It’s from here that he is anxious to find the next generation of service staff. It could be a battle. “People will say my compliments to the chef but seldom to the waiters. And when they come they all want to be sommeliers – the new rock stars of the restaurant business – but don’t know from which side to lay a plate or how to crumb a table.” They are at the right place if they want to know about wine: last year Alistair became the city’s first certified sommelier.

Alistair, who is 31, leaves nothing to chance. The system is still in its infancy but customers likes and dislikes are recorded and new bookings are researched. That’s how they spotted the Michelin inspector. The last time we went to Rafters Alistair recalled my wife’s love of hake. So had he logged that? “I don’t know how but I just know some things. I only wish I could remember some of the things my wife Toni tells me!” They have a son, Oscar.

The staff are encouraged to get involved in the running of the restaurant. Rafters has a ‘creative hub’ where they can brainstorm ideas. Half an hour before service the waiters and waitresses are briefed on who is coming and how to treat them. On a recent Friday he noticed he’d got a ‘Valentines Night’ ahead, almost all tables of two. Tom looked baffled as Alistair asked staff to just be a little louder to create more of a buzz that evening then retreated to his kitchen and let him get on with it.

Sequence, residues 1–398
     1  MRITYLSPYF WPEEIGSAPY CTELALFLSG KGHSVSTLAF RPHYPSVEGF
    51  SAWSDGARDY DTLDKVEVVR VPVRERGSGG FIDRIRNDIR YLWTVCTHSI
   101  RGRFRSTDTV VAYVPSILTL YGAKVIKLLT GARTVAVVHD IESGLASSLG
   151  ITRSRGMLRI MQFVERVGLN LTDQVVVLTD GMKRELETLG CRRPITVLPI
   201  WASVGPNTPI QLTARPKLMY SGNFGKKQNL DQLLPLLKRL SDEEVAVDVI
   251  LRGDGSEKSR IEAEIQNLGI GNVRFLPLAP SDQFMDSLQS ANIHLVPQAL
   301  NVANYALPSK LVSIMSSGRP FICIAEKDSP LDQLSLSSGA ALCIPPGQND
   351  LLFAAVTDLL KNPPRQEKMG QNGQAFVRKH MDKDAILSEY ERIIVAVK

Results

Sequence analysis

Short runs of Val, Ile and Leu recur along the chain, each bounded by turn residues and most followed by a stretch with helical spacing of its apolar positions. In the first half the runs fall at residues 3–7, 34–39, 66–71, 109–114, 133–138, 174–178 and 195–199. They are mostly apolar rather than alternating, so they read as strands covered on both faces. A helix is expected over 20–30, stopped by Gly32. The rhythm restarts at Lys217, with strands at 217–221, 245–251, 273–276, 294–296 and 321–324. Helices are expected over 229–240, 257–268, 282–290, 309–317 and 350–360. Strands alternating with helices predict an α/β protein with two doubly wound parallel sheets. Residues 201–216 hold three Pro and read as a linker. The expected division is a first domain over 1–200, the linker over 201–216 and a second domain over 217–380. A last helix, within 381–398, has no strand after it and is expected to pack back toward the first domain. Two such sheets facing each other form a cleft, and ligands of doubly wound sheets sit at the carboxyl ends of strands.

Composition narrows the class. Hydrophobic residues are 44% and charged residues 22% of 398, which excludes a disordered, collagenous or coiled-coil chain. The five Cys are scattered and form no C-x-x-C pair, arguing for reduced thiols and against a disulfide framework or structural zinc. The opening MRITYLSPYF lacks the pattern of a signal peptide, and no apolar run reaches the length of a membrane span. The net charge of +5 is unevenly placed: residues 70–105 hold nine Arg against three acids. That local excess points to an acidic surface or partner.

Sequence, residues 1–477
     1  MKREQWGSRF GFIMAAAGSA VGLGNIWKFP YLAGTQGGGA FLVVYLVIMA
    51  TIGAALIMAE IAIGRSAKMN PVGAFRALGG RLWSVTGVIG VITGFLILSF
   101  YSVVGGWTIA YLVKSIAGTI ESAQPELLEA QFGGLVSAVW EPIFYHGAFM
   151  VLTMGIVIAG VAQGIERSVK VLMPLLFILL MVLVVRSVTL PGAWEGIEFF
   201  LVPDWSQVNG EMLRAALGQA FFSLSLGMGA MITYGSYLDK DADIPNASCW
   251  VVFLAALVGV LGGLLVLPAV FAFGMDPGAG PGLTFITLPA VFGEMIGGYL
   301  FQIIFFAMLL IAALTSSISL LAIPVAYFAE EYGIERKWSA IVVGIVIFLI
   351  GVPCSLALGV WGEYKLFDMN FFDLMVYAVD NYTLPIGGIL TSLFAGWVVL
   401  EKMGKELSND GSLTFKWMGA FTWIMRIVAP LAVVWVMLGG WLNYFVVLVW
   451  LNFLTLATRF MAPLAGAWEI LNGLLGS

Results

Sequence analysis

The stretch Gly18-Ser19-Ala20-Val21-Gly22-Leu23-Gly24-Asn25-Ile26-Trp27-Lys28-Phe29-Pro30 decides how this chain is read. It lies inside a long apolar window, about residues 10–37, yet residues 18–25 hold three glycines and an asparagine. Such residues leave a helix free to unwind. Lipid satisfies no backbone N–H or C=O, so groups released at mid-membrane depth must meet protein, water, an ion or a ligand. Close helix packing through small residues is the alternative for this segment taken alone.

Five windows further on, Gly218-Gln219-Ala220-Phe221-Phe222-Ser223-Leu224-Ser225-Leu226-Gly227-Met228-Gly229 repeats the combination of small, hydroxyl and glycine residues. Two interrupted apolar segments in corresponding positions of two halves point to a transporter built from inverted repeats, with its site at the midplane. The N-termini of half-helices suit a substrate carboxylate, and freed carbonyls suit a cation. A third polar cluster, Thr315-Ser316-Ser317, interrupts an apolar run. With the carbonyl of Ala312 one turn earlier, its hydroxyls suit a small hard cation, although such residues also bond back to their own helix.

Did it work? “The tips jar was full,” he says.

Pigging out with Smithy

P1060166 pork belly at Thyme Cafe 06-05-2017 14-44-57

Pork belly at Thyme Cafe

I RECALL a few years ago that chef Richard Smith got a bit of a kicking from some London critic who had been to review his then flagship (now deceased) restaurant, Thyme, in Crosspool. There were the usual clichés – yawn – about being Northern, the Full Monty, Sheffield steel and, the killer punch, Sheffield Portions.

 The point being that the food being served up was not London portions, dainty little bits of food which left you hungry, but plates which left you feeling stuffed. Well, you don’t have to eat it all, advice my wife and I should have taken after a bit of a blowout at Thyme once when we had eaten so much we had to find a friendly wall to hold us up when we left.

 Smithy was a bit perplexed by the criticism. Sheffield folk liked Value For Money and that meant big potions, he said. I told him not to bother and he didn’t.